There’s nothing I love more than vintage tackle that proves a point: Back in the day, a fly rod was just another tool used to catch fish. No one cared if you were only a dry fly guy or thought you weren’t the real deal if you used split shots or coneheads. Case in point, this Russelure Flyrod model submitted by Bill Harp. It’s basically a metal spoon designed just for the long rod. Dr. Todd Larson of The Whitefish Press and “Fishing For History” blog is most familiar with the company, as they are still in business today.


Dr. Todd says:

_”The Russelure is a west coast institution. Invented by J.K. Russell in California in 1947 as a kind of metal equivalent of the Helin Flatfish, it soon became a best selling lure that was made in a huge number of sizes and colors, from the tiny fly rod size like the ones you have to the large saltwater versions (with interchangeable colored jackets) popular with surf casters. The company was sold in the 1950s to the Barth family, and then again in 2009 to the Felts. It’s still available today, unchanged since it was first introduced, and still catching fish. Early Russelures brings around $10 each in the box, and a complete set of early fly rod versions in the box could bring as much as $75. To see a 1949 ad for the Russelure, click here.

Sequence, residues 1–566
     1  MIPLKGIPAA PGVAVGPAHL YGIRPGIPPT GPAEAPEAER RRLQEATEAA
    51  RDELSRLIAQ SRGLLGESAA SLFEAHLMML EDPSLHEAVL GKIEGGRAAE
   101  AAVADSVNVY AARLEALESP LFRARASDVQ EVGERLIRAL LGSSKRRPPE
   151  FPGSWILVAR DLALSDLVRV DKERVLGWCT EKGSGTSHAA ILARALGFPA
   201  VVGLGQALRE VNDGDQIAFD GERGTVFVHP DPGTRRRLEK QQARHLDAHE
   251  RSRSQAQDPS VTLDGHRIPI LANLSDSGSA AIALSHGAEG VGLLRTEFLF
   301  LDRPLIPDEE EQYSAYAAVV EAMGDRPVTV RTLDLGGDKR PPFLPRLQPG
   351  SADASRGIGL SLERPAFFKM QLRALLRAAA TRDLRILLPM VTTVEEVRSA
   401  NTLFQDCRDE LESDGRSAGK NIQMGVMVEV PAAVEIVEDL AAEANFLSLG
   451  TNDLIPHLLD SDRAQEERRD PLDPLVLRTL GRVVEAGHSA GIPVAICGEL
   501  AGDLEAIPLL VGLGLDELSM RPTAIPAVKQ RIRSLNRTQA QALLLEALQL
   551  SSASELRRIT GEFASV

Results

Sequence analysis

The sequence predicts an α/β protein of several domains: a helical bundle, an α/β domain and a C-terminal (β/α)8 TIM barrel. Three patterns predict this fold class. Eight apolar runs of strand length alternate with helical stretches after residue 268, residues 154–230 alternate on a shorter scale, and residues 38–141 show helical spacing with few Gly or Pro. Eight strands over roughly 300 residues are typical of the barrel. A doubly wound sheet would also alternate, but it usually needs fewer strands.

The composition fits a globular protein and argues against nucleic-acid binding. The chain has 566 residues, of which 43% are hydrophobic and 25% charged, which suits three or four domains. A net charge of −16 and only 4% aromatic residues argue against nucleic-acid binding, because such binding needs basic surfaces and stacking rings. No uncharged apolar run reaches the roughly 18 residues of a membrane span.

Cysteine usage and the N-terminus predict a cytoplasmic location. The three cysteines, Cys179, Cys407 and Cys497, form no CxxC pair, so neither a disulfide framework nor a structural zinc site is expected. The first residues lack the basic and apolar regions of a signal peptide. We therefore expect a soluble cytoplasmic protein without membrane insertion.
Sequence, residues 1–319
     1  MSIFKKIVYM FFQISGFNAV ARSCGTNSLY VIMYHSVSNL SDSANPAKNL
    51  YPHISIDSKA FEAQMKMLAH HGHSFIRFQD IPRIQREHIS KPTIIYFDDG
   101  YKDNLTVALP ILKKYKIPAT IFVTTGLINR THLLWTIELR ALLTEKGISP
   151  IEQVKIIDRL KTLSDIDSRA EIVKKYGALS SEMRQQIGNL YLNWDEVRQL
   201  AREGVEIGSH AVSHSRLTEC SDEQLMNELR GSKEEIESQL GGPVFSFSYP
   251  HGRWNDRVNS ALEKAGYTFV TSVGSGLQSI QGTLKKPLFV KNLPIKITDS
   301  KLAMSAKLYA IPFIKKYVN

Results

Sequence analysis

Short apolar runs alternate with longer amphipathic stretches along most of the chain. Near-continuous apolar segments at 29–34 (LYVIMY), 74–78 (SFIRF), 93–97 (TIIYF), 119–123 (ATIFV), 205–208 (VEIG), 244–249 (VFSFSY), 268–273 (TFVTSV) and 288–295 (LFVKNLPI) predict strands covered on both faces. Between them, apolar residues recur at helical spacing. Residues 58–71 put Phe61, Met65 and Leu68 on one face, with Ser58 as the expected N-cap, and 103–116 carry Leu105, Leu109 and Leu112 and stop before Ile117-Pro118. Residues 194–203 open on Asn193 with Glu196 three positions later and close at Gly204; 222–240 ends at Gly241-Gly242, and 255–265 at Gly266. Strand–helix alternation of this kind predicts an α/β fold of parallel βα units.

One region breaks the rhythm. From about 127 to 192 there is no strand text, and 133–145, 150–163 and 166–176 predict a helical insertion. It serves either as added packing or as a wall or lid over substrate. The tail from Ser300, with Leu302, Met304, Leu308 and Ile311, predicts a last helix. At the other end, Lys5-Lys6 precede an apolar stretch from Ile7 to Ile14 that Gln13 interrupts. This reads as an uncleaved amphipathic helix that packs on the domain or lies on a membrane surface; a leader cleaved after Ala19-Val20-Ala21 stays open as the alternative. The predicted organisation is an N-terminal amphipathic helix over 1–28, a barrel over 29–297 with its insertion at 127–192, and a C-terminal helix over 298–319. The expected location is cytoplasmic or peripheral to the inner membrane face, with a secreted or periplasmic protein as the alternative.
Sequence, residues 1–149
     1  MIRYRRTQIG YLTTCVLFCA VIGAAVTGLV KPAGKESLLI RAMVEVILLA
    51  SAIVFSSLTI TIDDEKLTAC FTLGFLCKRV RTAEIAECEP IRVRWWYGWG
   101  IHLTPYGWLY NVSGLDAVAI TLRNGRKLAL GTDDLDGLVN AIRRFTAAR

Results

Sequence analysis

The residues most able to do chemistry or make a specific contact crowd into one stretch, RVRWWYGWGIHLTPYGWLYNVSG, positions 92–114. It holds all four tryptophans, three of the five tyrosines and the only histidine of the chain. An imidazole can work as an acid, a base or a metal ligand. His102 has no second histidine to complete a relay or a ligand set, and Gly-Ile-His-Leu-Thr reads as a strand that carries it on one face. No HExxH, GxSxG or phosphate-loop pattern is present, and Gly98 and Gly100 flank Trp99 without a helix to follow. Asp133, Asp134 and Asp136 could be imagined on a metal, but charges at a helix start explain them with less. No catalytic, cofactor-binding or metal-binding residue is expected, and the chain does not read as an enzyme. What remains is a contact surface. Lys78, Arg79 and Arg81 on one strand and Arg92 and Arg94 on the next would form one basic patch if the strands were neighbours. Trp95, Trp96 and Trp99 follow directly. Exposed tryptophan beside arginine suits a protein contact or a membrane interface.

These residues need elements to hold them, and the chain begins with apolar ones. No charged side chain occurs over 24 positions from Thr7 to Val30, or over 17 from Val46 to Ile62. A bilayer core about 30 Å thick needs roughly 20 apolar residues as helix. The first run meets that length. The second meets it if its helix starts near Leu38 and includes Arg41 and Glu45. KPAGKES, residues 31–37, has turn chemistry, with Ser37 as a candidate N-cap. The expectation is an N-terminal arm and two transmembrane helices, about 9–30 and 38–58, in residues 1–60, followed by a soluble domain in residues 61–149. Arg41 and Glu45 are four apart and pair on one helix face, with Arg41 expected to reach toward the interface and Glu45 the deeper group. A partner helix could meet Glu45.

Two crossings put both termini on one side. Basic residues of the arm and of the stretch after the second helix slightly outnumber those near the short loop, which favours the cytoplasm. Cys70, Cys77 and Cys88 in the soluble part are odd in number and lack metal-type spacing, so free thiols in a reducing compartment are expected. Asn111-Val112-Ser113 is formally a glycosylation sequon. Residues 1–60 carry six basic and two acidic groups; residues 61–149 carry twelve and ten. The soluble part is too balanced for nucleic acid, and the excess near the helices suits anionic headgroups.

Great find, Bill! Now tie that thing on an Orvis rod and go fishing the Madison with it…but if anyone gives you any flack, I didn’t tell you to do it. Thanks for sending and keep an eye on your mailbox, because there’s a set of Berkley Aluminum Pliers headed your way.

If you’ve already sent me photos of your vintage tackle, keep checking every Thursday to see if I chose it for an appraisal by Dr. Todd. If you haven’t and want to enter the contest, email photos of your old tackle to, along with your name, mailing address, and story of how you acquired the gear. If I use it in a Thursday post, you get a pair of Berkley Aluminum Pliers (above) worth $50.